Regardless of what happens to Assistant Fire Chief Frank Odermann, I have a feeling that the “bad bus” employed by Fire Chief Paul Dextras will live on for years.

News of the bad bus was made public recently when the city released an outside investigator’s report on Odermann, prompted by a formal complaint that Dextras filed against him.

The report is a hair-curling compendium of rants, gossip, accusations, nasty name-calling and more down-and-dirty skinny on the Fire Department than you were likely to have wanted to know.

I think it’s safe to say that the portion of the 12-page report that has generated the most comment is the one dealing with the bad bus.

The bus reportedly was a management tool that Dextras used to signify his displeasure with contrary or underachieving employees. Apparently he would figuratively “place” such employees on the bus and keep them there until he was satisfied with them.

The city’s human resources manager told me that the bus was a toy-sized ceramic thing. I had been picturing a Playskool bus packed with those little round-faced figurines, but no matter.

Why a bus?

I was surprised that Dextras used a bus at all. Wouldn’t a “bad fire engine” have made more sense? In that case, though, I suppose the bad characters would have been removed from the fire engine, not put in it.

Now that I think of it, wouldn’t it also be better, if you’re going to have a bad bus, to throw lousy employees under it? I think the metaphor would have been much stronger that way.

Some people interviewed as part of the Odermann investigation said they considered the bad bus to be “stupid,” “silly” and “petty,” among other things.

That may be, but I’m not sure Dextras is entirely to blame here.

I’m guessing he read about the bad bus in one of the countless number of management books that printing presses have been vomiting forth for the past 30 or 40 years.

These are the kinds of books that talk about “key outcomes,” mentors and “mentees,” “action items” and “core competencies.” These are the kinds of books that call the guy sitting in the next cubicle an “internal stakeholder.”

The bad bus idea seems too, well, bad to have been conceived of by a mere fire chief, as opposed to a professional management consultant.

Hold the cheese

I hate to judge a book by its cover, much less its name, but unless someone puts a gun to my head and commands that I do so, I can’t imagine that I’ll ever read “Who Moved My Cheese?”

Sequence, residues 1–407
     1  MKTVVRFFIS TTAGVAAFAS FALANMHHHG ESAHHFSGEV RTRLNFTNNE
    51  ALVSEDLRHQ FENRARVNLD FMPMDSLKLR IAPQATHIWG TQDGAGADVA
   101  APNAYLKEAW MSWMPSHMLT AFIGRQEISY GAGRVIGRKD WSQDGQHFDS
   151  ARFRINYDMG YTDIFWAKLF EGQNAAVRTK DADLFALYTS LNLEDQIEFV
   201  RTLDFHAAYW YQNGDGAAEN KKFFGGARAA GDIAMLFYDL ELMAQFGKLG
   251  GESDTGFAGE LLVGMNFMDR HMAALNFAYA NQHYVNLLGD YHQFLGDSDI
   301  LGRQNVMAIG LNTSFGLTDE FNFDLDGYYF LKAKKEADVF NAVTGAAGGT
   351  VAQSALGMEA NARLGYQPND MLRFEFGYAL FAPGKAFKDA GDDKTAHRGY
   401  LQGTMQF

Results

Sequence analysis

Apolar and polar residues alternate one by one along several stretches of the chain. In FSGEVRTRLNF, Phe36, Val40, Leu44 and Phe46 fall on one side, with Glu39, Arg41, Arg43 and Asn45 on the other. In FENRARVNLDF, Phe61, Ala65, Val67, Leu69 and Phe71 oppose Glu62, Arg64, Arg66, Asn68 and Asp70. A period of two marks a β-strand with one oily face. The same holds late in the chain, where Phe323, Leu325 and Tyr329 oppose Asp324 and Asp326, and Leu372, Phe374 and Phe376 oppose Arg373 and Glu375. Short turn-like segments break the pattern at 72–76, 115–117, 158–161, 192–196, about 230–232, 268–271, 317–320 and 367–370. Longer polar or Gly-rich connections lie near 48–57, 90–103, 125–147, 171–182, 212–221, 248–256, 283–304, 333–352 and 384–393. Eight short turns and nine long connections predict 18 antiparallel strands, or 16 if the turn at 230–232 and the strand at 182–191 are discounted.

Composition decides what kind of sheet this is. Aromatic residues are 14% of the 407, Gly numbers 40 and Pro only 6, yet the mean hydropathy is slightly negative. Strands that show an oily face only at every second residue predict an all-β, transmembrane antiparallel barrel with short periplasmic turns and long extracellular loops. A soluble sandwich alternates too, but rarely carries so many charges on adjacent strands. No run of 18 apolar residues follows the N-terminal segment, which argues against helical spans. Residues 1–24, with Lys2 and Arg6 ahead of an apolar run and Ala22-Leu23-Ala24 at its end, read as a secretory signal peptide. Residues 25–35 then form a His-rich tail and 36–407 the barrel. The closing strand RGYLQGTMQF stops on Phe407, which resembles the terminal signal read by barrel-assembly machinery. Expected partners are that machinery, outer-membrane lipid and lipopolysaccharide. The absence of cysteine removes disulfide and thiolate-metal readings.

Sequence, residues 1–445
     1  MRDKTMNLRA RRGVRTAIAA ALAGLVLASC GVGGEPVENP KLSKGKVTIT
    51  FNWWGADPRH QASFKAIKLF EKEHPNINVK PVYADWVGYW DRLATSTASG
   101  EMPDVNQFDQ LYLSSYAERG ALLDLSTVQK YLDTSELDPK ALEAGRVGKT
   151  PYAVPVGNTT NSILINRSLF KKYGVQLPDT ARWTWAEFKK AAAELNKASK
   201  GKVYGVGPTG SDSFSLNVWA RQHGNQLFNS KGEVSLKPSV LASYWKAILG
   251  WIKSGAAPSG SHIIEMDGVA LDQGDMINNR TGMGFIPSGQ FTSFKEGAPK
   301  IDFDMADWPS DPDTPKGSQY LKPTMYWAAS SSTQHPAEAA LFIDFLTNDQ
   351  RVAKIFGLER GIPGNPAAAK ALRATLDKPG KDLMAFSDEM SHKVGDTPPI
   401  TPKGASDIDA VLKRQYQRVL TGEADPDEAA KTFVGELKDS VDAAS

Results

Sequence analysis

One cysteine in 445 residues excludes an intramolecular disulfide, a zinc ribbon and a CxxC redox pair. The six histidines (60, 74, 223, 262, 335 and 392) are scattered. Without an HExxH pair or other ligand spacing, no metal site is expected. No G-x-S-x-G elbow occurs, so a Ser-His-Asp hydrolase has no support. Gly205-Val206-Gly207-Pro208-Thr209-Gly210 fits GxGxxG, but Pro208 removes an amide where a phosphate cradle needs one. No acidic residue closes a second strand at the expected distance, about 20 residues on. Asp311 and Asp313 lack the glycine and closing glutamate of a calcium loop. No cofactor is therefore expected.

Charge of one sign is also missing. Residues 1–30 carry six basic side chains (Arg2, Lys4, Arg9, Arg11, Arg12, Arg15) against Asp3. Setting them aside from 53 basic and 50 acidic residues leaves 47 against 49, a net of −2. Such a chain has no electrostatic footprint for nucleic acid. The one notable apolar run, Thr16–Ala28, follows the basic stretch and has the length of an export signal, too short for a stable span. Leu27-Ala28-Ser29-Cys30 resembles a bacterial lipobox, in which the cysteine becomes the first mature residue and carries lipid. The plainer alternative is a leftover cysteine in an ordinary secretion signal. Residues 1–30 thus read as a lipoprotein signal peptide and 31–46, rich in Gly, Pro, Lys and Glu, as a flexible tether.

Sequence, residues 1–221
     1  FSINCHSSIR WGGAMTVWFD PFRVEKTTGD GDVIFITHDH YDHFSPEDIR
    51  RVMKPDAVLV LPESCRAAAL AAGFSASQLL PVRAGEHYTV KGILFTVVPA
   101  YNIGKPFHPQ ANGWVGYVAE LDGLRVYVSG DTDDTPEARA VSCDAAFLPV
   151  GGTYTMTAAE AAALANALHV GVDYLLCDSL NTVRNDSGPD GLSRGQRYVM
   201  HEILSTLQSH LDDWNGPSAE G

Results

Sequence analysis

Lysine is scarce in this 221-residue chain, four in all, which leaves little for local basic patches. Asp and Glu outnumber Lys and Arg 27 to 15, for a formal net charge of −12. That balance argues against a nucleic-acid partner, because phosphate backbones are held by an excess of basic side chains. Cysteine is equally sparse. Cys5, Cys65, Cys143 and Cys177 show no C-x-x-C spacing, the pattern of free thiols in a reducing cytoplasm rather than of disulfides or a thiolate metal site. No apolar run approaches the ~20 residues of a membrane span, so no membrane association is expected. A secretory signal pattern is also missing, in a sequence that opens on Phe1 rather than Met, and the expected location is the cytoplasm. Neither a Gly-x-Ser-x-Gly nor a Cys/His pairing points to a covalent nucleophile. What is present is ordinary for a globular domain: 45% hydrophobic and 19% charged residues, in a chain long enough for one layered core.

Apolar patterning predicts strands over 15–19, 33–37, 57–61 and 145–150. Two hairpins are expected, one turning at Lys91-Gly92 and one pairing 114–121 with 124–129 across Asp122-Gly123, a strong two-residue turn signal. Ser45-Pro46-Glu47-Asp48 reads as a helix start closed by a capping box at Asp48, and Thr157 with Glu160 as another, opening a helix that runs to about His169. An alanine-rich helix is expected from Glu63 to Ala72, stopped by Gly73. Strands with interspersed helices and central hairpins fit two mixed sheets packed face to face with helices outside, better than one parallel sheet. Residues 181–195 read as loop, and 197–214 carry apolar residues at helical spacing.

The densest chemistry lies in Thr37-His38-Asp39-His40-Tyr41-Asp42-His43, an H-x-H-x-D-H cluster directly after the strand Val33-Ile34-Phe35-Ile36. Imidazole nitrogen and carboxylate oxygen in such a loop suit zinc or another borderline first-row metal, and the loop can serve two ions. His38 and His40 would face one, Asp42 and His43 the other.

And yet that book was so popular that it spawned versions for teens and children, not to mention knock-offs like “Nobody Moved Your Cheese,” “I Moved Your Cheese,” “Who Stole My Cheese?” and, perhaps inevitably, “Who Cut the Cheese?”

In “1001 Ways to Reward Employees” by Bob Nelson, we are informed that Blue Cross-Blue Shield gave out “People Are Tops Awards” which included “balloons tied to the person’s desk, belly dancers, and a song or message delivered by a person in a gorilla suit.”

I think I’d rather be thrown under the bus.

On the dust jacket of “Thank God It’s Monday!” we are told that author and management expert Roxanne Emmerich “uses her ‘Kick-Butt Kick-Off’ strategy to create immediate culture shifts.”

We’ll know a real culture shift has occurred when people are genuinely glad it’s Monday.

Management and business leadership books come in all flavors. One could have been written by Mr. Rogers: “The Back of the Napkin” by Dan Roam, subtitled “Solving Problems and Selling Ideas with Pictures.”

Another might have been written by Mike Ditka: “The 17 Indisputable Laws of Teamwork” by John C. Maxwell, subtitled “Embrace Them and Empower Your Team.”

On the outside chance that Dextras did come up with the bad bus himself, I would suggest he get cracking on a book right now. It could make him (and a ghostwriter, if he’s interested) a pile of money.

Here’s a working title: “Riding the Bad Bus: Sit Down, Buckle Up and Don’t Talk to the Driver.”

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Locations

I cover the city of Billings.